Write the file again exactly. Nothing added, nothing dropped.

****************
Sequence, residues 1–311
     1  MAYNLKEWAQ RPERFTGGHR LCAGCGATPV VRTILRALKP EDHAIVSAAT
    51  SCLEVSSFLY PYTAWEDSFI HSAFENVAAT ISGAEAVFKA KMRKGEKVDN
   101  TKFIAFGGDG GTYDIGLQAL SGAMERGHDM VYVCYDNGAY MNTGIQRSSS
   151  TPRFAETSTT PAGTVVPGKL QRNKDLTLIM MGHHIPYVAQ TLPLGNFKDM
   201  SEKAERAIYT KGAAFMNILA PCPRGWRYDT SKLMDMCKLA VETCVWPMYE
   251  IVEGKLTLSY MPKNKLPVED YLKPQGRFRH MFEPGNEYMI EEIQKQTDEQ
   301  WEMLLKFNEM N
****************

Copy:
Sequence, residues 1–311
     1  MAYNLKEWAQ RPERFTGGHR LCAGCGATPV VRTILRALKP EDHAIVSAAT
    51  SCLEVSSFLY PYTAWEDSFI HSAFENVAAT ISGAEAVFKA KMRKGEKVDN
   101  TKFIAFGGDG GTYDIGLQAL SGAMERGHDM VYVCYDNGAY MNTGIQRSSS
   151  TPRFAETSTT PAGTVVPGKL QRNKDLTLIM MGHHIPYVAQ TLPLGNFKDM
   201  SEKAERAIYT KGAAFMNILA PCPRGWRYDT SKLMDMCKLA VETCVWPMYE
   251  IVEGKLTLSY MPKNKLPVED YLKPQGRFRH MFEPGNEYMI EEIQKQTDEQ
   301  WEMLLKFNEM N